Is it time for you to make a career change?
Waking up feeling frustrated? Not looking forward to work anymore? Maybe it is time for you to make a career change. Career change means different things to different people.
- For some, it may mean that you totally change your occupation to a new industry.
- For others, it just means finding a new role to use the same talents better.
- For still others, you may need to go back to school to make a true career change to the path that you would enjoy most.
How do you know if you should make a career change?
One client came to me with the intent initially of changing jobs. But since all of my packages include a DISC assessment, she opted for the Career Management version and wanted to cover that first in our sessions.
The assessment was surprising to me. For one thing, it revealed a few occupations that I see for clients with different backgrounds. Secondly, it was heavily emphasizing computer roles and math roles. This client has a Bachelor's in healthcare and all of her work experience is in healthcare.
The career management DISC report is similar to many of the other versions I offer, but it has one major difference. This is the only report that generates a list of potential occupations based on your responses to the DISC assessment. The occupations are linked to the ONET Code.
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O*Net, a resource for career change
The O*NET program is the nation's primary source of occupational information. Central to the project is the O*NET database, containing information on hundreds of standardized and occupation-specific descriptors. The database, which is available to the public at no cost, is continually updated by surveying a broad range of workers from each occupation.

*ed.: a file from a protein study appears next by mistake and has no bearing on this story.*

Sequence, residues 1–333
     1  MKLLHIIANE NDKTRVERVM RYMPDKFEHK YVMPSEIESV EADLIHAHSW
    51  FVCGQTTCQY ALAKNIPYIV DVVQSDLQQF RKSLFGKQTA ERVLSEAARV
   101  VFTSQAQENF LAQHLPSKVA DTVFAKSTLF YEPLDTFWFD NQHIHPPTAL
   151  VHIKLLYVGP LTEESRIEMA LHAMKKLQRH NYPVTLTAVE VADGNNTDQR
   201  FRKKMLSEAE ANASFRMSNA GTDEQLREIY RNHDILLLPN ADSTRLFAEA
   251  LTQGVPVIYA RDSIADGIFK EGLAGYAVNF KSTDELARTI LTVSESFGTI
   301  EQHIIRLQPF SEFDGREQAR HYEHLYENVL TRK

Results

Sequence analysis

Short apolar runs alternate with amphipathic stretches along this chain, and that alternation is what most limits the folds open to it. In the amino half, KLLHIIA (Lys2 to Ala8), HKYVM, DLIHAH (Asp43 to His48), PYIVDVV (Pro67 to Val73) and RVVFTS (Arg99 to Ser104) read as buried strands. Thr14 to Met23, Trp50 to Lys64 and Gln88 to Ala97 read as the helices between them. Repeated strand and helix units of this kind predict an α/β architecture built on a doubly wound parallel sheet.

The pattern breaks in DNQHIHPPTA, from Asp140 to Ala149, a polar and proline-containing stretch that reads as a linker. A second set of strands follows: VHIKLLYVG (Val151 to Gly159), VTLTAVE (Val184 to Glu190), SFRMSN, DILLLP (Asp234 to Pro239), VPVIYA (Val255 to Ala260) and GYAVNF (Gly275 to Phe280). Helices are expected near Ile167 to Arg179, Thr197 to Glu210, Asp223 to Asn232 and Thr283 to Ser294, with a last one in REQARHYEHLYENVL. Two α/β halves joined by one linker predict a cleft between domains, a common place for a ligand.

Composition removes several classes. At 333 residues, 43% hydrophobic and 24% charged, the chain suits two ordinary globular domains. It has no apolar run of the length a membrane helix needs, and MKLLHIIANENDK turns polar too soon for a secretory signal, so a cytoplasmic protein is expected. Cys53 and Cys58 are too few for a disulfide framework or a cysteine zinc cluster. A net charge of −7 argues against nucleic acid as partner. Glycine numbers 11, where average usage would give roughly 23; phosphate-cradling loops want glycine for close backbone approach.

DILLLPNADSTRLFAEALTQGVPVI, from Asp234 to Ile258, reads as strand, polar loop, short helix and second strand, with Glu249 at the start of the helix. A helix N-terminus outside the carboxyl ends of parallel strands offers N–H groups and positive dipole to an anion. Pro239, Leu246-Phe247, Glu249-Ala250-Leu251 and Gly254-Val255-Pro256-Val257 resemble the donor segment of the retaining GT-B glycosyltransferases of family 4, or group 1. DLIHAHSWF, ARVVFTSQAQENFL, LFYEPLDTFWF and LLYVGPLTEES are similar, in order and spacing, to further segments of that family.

The Occupational Information Network (O*NET) is being developed under the sponsorship of the US Department of Labor/Employment and Training Administration (USDOL/ETA) through a grant to the North Carolina Department of Commerce.
Discovering a direction for your career change
As I reviewed the data with her, I was concerned that we were going to be way off for suggestions of new careers. Surprisingly, my client was delighted. She has always loved math and the computer world intrigues her.
She was proactive and with me coaching her along the way, she checked out opportunities to get degrees in information technology and looked at ways to use the new degrees with her healthcare background. We looked at ways she could leverage her existing degree and still complete the new one.
Strategies for a successful career change
Online education – We looked for online opportunities so she could work on the new degree while staying with her current role.
Educational Reimbursement by current employer – I encouraged her to check out education reimbursement with her current employer and coached her through the commitment that might take if she opted to go that route.
Informational Interviewing – I connected her with someone who I know works in healthcare IT for her current employer who could help her with an informational interview to understand what opportunities may be available and what she might need to move forward.
The after story
She embraced every suggestion and followed through. I am so proud of her. She is choosing to try a new avenue and potentially make a major career change. We continued with her resume and LinkedIn profile but I encouraged her to see if she could remain in her existing job for a while. She is an ambitious young lady who has the follow-through and determination to make a big career change. She starts school in September.
Clients who work with me have diverse goals. We address them with an understanding that there are opportunities if you work hard and are willing to try new things. No one has to stay in a job they hate.
If you are contemplating a career change, big or small, it may help to have someone working with you to help you find the right tools to move forward. Learn more.
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